Dan Fox pays tribute to the life and work of a writer, theorist, cultural commentator, and friend, who passed away last week
All of us at frieze are devastated to learn that our friend and long-standing contributor Mark Fisher has died.
I first knew of Mark in the mid-2000s when he operated under the nom-de-guerre ‘k-punk’. K-punk was also the name of his blog, a major navigation point along an archipelago of blogs that for a brief period generated a new energy for writing about culture and politics in Britain. K-punk was essential reading for those who were alienated by Blairite politics and disillusioned by the left’s internecine rifts and narcissisms of small difference. It provided a hilltop view from which a route out of neoliberalism might be spotted, a vantage point that k-punk blasted with the cold winds of theory – knowledge that he reforged from his years in the Cybernetic Culture Research Unit, an unorthodox brigade of thinkers who absconded from Warwick University’s philosophy department in the 1990s. But k-punk also gave voice to romantic believers in the forces of pop culture, manufacturing new optics from shared detritus: be it Michael Jackson, the Wu-Tang Clan, reality TV, horror movies, science fiction or 1990s jungle records. Through pop, k-punk found ways to describe the mechanisms of class and power that were lucid and urgent, perhaps because he knew pop from the inside as a fan, as a person subject to its influence. K-punk understood the records and TV shows he loved as much products of class and politics as he was.
Introduced by music critic Simon Reynolds at some point in 2006 or ’07, I subsequently got to know k-punk as Mark. First as Mark the writer, whose work I commissioned and edited for frieze: he wrote on topics as diverse as post-punk and dance music, and on buzzy new directions in thought such as hauntology and speculative realism. He shared his ideas on theorist Judith Butler, and philosopher Franco ‘Bifo’ Berardi. Mark enthused about crime TV, Margaret Atwood novels and The Hunger Games films. Yet the thread running through all of this, visible or otherwise, was capital, the subject of his compact and compelling 2009 book Capitalist Realism: Is There No Alternative? Arriving post-2008 and pre-Occupy, Mark’s diagnosis of free market ideology and the wounds it has inflicted on our psyches would bring his writing to wider audiences. Thomas Piketty’s Capital in the Twenty-First Century may have topped the bestseller lists of 2014 but I find it hard to think of another book on contemporary politics and economics published during my adult life that was so widely circulated, borrowed, stolen, talked about, argued over or cherished amongst friends and peers as Capitalist Realism.
Eventually, I got to know the generous, funny and kind Mark. The Mark who would gladly share his ideas, enthuse about yours and send you down rabbit holes of music, cinema and literature. The Mark who gave his wholehearted support to other writers, artists, musicians and filmmakers, spreading the word about anyone whose creative project he believed in. The Mark whose passionate advocacy for culture’s educational, liberatory and joyful potential could, when his oratory found its rhythm, reach an ecstatic pitch. The Mark who was candid about the depression from which he suffered and how it bound his work – ‘the ghosts of my life,’ to borrow a line from his favourite Japan song. Those apparitions appeared in the title of his second book, the essay collection Ghosts of My Life: Writings on Depression, Hauntology and Lost Futures (2014); Mark continued travelling with spectres in his final book The Weird and The Eerie, published just weeks before he died.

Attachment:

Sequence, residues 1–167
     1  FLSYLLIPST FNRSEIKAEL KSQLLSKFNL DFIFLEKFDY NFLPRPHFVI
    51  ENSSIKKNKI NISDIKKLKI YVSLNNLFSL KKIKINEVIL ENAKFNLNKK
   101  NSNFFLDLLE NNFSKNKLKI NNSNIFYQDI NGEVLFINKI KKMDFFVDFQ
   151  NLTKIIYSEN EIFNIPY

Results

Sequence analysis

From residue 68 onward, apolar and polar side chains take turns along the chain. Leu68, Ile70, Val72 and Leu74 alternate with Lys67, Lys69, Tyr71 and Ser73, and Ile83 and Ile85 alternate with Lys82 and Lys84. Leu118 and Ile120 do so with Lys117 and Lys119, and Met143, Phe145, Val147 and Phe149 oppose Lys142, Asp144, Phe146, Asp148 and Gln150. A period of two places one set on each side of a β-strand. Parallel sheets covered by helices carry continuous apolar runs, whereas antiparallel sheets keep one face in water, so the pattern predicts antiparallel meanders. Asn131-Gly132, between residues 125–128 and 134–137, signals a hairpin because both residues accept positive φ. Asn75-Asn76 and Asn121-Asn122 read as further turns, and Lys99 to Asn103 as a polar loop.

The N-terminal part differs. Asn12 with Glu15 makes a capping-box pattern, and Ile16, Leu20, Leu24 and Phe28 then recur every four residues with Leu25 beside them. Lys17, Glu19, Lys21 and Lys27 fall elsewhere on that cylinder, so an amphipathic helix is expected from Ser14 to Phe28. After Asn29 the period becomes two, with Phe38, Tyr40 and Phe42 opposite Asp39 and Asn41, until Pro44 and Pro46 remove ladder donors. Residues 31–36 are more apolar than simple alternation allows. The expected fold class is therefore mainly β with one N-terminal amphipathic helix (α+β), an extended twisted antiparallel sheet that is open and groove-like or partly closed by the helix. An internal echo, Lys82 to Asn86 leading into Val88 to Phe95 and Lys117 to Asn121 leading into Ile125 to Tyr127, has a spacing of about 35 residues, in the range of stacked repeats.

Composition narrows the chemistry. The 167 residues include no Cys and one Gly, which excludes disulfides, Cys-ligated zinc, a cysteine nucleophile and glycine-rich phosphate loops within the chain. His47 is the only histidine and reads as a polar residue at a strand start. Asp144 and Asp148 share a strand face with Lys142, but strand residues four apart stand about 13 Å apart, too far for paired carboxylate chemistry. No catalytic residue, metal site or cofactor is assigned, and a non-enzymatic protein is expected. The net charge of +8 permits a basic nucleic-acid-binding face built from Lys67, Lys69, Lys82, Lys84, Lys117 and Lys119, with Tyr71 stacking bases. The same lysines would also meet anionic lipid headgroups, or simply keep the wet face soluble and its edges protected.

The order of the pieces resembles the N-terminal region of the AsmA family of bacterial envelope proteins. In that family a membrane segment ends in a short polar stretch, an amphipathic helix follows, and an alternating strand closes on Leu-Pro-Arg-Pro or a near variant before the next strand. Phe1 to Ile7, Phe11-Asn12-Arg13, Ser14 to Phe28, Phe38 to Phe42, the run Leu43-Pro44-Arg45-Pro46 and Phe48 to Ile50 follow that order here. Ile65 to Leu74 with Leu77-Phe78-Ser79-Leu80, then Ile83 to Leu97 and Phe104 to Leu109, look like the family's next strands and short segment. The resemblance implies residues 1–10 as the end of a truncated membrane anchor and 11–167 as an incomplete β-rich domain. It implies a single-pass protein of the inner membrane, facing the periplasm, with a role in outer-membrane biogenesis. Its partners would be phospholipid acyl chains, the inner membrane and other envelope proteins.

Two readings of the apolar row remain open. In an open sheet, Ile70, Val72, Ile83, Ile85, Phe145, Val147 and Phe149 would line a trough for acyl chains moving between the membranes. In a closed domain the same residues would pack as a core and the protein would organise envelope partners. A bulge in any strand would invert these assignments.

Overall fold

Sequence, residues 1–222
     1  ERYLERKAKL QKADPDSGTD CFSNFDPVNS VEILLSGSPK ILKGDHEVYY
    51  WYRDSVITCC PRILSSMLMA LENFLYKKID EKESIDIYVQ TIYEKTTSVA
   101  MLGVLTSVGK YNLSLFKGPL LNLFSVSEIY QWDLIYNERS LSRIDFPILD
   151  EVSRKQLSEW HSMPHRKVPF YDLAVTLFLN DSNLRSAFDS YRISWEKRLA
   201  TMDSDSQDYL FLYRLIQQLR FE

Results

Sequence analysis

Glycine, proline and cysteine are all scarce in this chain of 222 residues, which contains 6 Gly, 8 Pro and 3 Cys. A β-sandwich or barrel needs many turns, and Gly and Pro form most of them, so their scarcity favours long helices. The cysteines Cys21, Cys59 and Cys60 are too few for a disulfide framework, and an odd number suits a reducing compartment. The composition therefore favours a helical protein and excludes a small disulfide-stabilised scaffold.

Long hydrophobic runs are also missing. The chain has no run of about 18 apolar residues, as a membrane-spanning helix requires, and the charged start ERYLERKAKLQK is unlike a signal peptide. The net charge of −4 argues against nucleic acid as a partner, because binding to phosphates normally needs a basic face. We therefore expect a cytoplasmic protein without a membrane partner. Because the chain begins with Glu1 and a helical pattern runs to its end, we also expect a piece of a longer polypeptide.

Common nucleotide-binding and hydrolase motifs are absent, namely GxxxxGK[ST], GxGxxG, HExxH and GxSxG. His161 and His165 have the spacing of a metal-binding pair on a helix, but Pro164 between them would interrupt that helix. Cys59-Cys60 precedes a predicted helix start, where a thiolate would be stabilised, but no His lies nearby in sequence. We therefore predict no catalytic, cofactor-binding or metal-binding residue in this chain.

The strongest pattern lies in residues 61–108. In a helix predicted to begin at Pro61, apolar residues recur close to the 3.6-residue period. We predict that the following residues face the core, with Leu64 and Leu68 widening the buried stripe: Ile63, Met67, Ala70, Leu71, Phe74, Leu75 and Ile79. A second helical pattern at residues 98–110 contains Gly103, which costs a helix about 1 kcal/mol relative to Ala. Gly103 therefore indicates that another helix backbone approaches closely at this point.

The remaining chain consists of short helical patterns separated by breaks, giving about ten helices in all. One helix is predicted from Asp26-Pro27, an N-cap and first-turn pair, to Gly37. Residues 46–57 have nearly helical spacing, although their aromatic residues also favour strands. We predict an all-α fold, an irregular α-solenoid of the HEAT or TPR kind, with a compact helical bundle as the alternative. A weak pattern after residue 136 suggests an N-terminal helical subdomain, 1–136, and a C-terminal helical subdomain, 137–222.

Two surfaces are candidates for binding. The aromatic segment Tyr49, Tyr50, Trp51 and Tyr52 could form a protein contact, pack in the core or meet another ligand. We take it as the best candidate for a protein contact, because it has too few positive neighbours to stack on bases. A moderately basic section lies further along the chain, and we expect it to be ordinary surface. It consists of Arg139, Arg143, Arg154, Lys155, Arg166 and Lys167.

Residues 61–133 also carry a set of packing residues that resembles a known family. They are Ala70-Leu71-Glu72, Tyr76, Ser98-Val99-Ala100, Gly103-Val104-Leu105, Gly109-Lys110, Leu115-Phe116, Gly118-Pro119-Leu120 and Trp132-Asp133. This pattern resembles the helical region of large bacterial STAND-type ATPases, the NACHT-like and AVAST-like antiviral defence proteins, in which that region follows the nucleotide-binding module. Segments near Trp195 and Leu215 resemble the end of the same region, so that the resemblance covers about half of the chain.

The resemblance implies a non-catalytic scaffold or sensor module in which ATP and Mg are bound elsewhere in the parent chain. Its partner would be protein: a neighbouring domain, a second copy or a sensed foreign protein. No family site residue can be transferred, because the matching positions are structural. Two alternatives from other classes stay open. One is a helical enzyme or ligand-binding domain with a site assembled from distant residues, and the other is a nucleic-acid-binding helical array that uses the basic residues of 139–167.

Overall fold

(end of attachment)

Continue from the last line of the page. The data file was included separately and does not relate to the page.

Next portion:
I last saw Mark in person a couple of years ago in London, at his office in Goldsmiths College, where he was a lecturer in Visual Cultures. He wanted to record me describing a journey I’d made to China in 2008 by container ship, beginning not far from his home in Felixstowe and ending in Shanghai. The recording was research for his project On Vanishing Land, an audio essay Mark made in collaboration with Justin Barton and later used in the book When Site Lost the Plot (2015, edited by Robin Mackay). After finishing the recording, we got chatting. I no longer recall what the conversation was about, but I remember that Mark offered to walk me from his office to the door of the building. When we got there, he continued with me through the college gates, down the street and all the way to the bus stop, talking animatedly as if there were not enough time in the day for all the sharing, arguing, commiserating, gossiping, producing, championing and believing there was to do. We said goodbye, and I got on the bus, feeling galvanized, just as I was when I first knew Mark as k-punk.
Thanks for sharing, Mark.
Main image: Mark Fisher, 2014, speaking at Off the Page, a literary festival about music organized by The Wire. Photograph: Paul Samuel White